Call Us: US - +1 845 478 5244 | UK - +44 20 7193 7850 | AUS - +61 2 8005 4826

Anarchist schools of thought

A pair of overlapping political perspectives arising toward the end of the 20th century are republicanism (or neo- or civic-republicanism) and the capability approach. The resurgent republican movement aims to provide an alternate definition of liberty from Isaiah Berlin‘s positive and negative forms of liberty, namely “liberty as non-domination.” Unlike the American liberal movement which understands liberty as “non-interference,” “non-domination” entails individuals not being subject to the arbitrary will of any other person. To a liberal, a slave who is not interfered with may be free, yet to a republican the mere status as a slave, regardless of how that slave is treated, is objectionable. Prominent republicans include historian Quentin Skinner, jurist Cass Sunstein, and political philosopher Philip Pettit. The capability approach, pioneered by economists Mahbub ul Haq and Amartya Senand further developed by legal scholar Martha Nussbaum, understands freedom under allied lines: the real-world ability to act. Both the capability approach and republicanism treat choice as something which must be resourced. In other words, it is not enough to be legally able to do something, but to have the real option of doing it.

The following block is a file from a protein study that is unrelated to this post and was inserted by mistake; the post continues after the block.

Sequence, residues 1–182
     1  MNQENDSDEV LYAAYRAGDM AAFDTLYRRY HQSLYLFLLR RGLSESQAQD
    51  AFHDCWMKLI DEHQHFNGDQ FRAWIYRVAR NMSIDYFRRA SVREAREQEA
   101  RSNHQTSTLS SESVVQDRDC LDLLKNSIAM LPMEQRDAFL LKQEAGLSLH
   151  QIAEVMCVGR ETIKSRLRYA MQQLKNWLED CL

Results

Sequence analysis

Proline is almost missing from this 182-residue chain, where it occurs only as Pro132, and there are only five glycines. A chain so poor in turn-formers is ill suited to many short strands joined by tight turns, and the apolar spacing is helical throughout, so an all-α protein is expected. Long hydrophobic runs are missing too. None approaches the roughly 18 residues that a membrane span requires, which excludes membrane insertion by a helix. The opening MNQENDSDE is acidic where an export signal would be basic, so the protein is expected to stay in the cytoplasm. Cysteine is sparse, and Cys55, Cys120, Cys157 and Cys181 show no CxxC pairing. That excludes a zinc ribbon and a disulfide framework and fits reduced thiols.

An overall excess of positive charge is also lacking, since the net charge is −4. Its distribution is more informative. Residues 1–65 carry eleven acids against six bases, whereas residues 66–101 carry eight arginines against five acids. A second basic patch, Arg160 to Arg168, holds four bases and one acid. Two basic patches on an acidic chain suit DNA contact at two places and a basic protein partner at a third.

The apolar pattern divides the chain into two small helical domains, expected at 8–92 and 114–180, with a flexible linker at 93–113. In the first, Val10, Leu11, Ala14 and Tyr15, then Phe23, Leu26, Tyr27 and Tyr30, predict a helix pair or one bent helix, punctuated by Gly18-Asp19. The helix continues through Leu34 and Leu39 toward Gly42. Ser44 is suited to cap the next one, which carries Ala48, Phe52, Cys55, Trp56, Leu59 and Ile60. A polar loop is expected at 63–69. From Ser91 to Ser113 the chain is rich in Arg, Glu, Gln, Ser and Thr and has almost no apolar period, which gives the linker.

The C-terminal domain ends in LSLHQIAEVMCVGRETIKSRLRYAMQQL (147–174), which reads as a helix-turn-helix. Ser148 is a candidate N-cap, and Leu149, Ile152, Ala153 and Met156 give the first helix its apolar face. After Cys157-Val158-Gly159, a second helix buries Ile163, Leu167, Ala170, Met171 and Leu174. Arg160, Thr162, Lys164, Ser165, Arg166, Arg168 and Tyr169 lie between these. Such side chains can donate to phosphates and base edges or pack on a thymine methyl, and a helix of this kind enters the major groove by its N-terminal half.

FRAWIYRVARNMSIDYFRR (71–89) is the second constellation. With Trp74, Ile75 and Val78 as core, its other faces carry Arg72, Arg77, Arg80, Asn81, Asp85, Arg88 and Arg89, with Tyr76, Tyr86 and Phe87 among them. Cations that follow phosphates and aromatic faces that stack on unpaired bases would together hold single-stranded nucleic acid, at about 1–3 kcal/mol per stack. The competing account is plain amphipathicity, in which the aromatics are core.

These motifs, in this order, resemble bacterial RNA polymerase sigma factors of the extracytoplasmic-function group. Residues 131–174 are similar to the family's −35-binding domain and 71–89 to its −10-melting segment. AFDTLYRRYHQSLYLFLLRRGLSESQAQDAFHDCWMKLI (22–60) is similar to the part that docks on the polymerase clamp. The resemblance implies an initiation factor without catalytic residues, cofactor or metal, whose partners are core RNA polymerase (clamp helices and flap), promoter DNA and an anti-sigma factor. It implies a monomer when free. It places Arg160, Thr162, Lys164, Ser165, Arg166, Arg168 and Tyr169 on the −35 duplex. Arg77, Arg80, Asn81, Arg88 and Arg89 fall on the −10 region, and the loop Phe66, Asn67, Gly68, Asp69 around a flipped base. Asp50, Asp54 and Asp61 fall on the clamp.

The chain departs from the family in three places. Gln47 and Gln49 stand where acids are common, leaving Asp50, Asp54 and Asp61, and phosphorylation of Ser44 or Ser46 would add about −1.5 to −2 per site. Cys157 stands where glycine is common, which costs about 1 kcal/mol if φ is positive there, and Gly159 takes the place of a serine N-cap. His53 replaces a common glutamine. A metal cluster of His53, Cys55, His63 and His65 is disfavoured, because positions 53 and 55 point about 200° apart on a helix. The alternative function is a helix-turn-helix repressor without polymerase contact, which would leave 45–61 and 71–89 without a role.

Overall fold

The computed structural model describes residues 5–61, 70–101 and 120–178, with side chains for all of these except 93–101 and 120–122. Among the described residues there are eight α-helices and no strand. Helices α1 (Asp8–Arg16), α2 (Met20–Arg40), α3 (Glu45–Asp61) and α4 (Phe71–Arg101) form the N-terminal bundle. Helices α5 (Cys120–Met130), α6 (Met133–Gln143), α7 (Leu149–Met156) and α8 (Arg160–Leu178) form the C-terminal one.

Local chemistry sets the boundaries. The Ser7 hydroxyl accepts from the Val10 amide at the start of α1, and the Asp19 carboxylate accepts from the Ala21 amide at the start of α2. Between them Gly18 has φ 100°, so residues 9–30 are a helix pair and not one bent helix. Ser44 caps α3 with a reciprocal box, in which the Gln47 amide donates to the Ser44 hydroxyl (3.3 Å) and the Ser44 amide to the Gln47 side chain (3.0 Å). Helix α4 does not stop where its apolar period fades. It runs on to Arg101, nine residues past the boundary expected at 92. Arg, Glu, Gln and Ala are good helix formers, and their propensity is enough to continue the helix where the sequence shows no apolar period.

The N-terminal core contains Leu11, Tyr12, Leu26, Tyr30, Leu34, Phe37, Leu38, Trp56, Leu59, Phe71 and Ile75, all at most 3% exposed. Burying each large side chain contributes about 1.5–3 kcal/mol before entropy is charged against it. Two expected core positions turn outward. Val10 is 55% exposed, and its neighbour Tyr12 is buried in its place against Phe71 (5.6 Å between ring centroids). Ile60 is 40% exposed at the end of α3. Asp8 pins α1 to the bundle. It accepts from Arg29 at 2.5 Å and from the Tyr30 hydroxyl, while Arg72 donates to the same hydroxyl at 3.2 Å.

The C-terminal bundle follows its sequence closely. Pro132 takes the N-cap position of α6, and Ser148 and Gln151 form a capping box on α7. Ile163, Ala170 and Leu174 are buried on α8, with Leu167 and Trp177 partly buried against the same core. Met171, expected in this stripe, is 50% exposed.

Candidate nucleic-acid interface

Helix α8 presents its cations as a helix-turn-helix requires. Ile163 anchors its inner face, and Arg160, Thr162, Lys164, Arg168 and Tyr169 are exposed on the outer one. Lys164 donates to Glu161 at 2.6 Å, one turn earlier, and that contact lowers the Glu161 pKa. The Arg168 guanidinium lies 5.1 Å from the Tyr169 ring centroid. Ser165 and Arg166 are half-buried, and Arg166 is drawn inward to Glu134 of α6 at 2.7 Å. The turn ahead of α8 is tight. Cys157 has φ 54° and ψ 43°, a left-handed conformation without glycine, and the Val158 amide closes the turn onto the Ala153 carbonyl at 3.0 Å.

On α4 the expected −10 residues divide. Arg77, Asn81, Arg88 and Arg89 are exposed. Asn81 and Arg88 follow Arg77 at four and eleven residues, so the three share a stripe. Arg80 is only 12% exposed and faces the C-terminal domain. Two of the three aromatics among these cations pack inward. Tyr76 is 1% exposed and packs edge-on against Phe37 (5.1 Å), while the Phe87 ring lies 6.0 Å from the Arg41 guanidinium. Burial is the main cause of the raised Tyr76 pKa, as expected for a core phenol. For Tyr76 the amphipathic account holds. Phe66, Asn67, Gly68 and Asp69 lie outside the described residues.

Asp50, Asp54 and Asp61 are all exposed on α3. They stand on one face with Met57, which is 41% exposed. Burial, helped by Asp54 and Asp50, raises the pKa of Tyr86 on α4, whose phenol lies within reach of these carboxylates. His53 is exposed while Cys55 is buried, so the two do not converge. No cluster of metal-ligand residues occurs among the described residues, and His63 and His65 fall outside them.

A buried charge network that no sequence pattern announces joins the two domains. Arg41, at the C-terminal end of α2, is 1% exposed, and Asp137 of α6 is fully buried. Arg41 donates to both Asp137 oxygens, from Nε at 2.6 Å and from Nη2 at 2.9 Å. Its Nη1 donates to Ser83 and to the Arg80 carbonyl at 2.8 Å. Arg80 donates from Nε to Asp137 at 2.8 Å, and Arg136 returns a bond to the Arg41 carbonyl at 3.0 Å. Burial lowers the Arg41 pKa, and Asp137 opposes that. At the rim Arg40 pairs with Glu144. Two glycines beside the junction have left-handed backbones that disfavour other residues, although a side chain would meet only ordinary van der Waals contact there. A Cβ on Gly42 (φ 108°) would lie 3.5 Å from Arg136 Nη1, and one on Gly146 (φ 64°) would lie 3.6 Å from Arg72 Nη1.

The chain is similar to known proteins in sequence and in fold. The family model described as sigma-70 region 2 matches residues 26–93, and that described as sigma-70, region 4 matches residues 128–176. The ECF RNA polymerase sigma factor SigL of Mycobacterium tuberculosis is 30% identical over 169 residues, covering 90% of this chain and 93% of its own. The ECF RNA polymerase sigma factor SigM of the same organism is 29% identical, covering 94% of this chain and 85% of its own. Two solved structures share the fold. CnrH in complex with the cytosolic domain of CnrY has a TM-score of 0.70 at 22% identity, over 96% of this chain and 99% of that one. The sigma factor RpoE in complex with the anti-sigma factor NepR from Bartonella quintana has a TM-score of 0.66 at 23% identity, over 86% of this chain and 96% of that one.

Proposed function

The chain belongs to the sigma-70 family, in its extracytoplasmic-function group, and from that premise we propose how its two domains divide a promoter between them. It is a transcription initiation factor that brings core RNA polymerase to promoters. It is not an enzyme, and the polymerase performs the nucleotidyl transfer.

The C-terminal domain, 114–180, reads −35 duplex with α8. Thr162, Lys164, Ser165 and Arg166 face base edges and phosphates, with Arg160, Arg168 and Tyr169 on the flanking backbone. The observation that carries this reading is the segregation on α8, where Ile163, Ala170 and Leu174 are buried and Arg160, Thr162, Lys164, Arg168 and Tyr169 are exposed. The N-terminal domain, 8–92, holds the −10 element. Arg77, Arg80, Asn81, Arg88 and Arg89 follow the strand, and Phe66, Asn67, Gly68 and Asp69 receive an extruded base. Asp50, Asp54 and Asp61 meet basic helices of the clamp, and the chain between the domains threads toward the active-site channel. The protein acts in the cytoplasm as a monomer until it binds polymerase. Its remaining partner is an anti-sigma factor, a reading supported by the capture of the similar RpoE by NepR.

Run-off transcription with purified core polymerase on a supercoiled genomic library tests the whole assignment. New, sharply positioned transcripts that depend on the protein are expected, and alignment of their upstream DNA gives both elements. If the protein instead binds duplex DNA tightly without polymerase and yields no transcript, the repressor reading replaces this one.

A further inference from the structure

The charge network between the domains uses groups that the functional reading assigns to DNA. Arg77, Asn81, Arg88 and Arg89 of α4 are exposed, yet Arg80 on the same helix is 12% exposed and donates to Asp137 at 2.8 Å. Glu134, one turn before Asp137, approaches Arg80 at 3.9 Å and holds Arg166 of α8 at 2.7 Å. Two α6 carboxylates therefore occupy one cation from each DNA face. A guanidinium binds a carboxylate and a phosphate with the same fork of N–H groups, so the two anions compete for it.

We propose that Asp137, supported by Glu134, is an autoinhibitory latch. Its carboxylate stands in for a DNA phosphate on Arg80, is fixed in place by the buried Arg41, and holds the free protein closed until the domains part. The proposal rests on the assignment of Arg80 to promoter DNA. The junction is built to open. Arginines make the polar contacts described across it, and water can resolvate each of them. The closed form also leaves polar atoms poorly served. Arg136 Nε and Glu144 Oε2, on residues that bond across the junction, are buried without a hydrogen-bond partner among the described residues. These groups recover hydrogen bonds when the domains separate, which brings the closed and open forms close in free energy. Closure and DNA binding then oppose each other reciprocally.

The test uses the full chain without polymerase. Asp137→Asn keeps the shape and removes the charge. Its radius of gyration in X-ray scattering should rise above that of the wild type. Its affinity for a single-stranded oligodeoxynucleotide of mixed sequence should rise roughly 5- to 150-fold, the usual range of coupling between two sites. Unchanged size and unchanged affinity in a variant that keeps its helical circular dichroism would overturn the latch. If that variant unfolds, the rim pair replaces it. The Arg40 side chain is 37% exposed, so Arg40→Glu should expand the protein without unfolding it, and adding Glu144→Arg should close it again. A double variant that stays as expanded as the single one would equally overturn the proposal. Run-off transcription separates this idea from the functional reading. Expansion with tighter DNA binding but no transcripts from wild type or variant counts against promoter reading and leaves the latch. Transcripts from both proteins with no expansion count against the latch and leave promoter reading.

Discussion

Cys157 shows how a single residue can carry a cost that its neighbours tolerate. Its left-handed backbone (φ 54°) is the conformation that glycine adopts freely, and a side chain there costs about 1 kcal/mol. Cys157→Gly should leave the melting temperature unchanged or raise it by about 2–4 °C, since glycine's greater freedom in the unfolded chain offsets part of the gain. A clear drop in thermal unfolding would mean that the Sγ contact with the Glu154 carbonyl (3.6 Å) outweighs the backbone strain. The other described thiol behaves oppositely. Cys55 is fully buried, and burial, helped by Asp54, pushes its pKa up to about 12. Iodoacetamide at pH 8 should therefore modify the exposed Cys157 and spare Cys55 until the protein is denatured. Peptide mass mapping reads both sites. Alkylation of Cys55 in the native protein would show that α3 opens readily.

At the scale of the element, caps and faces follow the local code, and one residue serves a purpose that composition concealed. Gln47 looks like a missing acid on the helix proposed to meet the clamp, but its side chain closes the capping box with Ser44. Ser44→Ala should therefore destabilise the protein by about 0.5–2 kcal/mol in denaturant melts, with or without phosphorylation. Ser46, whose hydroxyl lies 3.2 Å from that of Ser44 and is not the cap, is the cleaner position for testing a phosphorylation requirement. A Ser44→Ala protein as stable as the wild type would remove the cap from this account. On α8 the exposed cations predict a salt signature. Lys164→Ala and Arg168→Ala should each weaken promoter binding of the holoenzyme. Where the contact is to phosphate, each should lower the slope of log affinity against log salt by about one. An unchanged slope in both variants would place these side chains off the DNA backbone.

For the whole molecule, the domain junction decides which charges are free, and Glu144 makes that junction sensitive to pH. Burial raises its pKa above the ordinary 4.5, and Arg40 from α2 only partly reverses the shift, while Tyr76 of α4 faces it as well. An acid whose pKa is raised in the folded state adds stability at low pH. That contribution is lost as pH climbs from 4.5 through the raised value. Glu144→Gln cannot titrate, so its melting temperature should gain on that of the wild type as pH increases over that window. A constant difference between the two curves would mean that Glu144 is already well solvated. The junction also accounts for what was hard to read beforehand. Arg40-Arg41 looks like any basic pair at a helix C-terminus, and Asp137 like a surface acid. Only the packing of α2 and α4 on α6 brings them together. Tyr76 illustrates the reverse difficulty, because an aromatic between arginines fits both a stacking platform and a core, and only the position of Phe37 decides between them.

Current emphasis on “commoditization of the everyday” has been decried by many contemporary theorists, some of them arguing the full brunt of it would be felt in ten years’ time. “Pricing” such ethical categories like personal relations or sex, though always present, pushed by media agenda, is thus seen as crossing boundaries and having adverse societal and philosophical consequences.

A prominent subject in recent political philosophy is the theory of deliberative democracy. The seminal work was done by Jurgen Habermas in Germany, but the most extensive literature has been in English, led by theorists such as Jane Mansbridge, Joshua Cohen, Amy Gutmann and Dennis Thompson.[32]